No. 86-344-M.P.

524 A.2d 1099 (1987)


Supreme Court of Rhode Island.

April 22, 1987.

Attorney(s) appearing for the Case

Frank Licht, Robert Fine, Licht & Semonoff, Providence, for plaintiff.

D.J. Roberts II, R.M. Peirce, Roberts, Carroll, Feldstein & Tucker, Providence, for defendants.


FAY, Chief Justice.

This case comes to us on a petition for a common-law writ of certiorari wherein Paramount Office Supply Company, Inc. (Paramount), seeks to review a decision of the Superior Court denying the application of Paramount for injunctive relief. We affirm.

The relevant circumstances precipitating the petition are as follows. Paramount initiated this action for injunctive relief on July 10, 1986. In its complaint Paramount alleged that defendant, David W. Tobias (Tobias), a former employee of Paramount, wrongfully expropriated a customer list belonging to Paramount and was utilizing that list in the course of his employment with the codefendant, D.A. MacIsaac, Inc. (MacIsaac), a competitor in the office-products-supply business. Paramount further alleged that Tobias and MacIsaac had wrongfully conspired to expropriate its customer list and that as a result Tobias and MacIsaac had induced some of Paramount's customers to leave.

On July 15, 1986, a justice of the Superior Court issued a temporary restraining order enjoining Tobias and MacIsaac from "making any contact with [Paramount's] customers until further order of the court." A hearing on a preliminary injunction was then scheduled and the parties submitted memoranda of law and affidavits. The determination of the preliminary-injunction request was rendered by the trial justice upon affidavits submitted by Tobias and MacIsaac. According to the record before us Paramount presented no witnesses, nor did it submit and affidavits at the preliminary-injunction hearing; it relied exclusively upon its complaint and memorandum of law.

By affidavit Tobias indicated that he had been working as a salesman in the office-supply business for twenty-two years, the last eleven years with Paramount. Tobias never entered into a written contract of employment, nor did he ever enter into a covenant not to compete with Paramount. He left Paramount because a growing number of customers whom he served were dissatisfied and were reducing their volume of business with the company. Sometime in November 1985 Tobias learned through a coworker that MacIsaac, a Boston-based company, was considering opening a facility in Rhode Island. Tobias contacted Donald MacIsaac, president of MacIsaac, and a series of meetings ensued at which the two discussed Tobias's possible employment with MacIsaac. In March 1986, Tobias and MacIsaac reached an employment agreement under which he was scheduled to begin work in July 1986.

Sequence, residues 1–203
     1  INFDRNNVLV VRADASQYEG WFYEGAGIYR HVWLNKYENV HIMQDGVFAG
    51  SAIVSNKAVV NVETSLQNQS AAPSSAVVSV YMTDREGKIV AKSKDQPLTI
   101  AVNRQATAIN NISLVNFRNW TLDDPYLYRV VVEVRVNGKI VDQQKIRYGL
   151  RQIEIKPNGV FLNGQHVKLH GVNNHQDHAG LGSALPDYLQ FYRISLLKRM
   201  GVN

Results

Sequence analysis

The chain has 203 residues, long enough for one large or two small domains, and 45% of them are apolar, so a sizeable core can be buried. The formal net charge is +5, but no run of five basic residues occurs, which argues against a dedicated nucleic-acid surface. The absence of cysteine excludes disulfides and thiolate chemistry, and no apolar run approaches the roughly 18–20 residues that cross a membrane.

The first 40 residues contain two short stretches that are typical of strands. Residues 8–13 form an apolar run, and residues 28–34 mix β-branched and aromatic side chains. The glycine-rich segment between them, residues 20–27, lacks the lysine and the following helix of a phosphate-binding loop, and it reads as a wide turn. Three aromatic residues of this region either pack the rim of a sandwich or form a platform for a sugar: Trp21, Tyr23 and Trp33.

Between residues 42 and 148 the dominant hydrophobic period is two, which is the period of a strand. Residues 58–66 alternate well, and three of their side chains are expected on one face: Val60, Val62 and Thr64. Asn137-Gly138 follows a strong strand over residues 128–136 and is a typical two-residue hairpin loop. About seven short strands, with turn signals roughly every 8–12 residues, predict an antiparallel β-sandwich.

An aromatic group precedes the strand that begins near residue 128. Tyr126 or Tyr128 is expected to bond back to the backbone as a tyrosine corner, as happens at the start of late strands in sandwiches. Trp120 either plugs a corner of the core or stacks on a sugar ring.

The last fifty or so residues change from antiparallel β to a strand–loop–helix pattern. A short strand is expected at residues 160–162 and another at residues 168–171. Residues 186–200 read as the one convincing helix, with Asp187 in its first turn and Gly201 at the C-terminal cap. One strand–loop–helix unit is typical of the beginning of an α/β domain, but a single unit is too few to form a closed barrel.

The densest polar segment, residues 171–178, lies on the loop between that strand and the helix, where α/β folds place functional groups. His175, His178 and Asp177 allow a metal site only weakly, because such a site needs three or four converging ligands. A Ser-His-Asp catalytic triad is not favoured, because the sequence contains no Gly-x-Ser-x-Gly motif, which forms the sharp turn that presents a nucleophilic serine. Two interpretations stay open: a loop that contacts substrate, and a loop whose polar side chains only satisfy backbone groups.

When Tobias left Paramount's employ, he took with him a customer list containing only the names of customers he had personally developed or those that had been assigned to him by Paramount. He did not have Paramount's complete customer list. The list that Tobias carried with him contained the names and addresses of the customers as well as the customer's discount rates, salesman's commission rate, and sales-tax status. Tobias copied only the names and addresses of the customers and then destroyed his original list.

Tobias also averred that Paramount never tried to keep its customer list confidential. The list was kept on a Rolodex file to which anyone and everyone, employee and nonemployee, had potential access. In addition, everyone in the office had a written list of customers to which new accounts were periodically added but from which old nonactive accounts were never purged. Furthermore, Tobias, in his uncontradicted affidavit, stated that he at no time contacted Paramount's customers on behalf of MacIsaac while still employed with Paramount, that the list of Paramount's customers was readily identifiable from the Yellow Pages and business and trade directories, and that many of Paramount's customers do business with more than one office-supply company, some in fact do business with three of four at a time. Donald MacIsaac, in his affidavit, echoed much of Tobias's averments.